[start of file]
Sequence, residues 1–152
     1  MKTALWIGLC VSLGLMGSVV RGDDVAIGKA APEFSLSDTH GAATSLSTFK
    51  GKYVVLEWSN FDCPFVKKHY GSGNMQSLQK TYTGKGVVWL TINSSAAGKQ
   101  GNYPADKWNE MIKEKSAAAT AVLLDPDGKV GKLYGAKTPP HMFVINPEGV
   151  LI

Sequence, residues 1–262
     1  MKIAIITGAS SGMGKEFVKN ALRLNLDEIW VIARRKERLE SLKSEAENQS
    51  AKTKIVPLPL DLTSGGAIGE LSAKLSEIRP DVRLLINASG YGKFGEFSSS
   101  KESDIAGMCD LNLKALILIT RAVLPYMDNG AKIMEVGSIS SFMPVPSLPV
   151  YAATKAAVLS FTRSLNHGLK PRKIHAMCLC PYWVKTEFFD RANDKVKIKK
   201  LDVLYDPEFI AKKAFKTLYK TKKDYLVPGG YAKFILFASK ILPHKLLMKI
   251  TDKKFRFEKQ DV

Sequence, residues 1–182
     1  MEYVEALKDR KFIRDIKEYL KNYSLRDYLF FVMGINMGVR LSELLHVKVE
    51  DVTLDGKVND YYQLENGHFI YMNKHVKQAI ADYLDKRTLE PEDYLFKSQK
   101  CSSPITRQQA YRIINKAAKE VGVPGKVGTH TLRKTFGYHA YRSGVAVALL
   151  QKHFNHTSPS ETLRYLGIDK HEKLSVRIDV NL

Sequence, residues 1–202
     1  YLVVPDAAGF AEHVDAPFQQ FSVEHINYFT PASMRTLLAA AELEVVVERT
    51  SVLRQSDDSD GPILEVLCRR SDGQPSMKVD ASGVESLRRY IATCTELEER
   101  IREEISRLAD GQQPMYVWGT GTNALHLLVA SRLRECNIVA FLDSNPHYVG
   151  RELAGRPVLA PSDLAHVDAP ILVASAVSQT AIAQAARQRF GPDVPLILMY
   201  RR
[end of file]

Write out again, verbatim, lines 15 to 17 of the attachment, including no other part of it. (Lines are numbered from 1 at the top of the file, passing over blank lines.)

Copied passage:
    51  DVTLDGKVND YYQLENGHFI YMNKHVKQAI ADYLDKRTLE PEDYLFKSQK
   101  CSSPITRQQA YRIINKAAKE VGVPGKVGTH TLRKTFGYHA YRSGVAVALL
   151  QKHFNHTSPS ETLRYLGIDK HEKLSVRIDV NL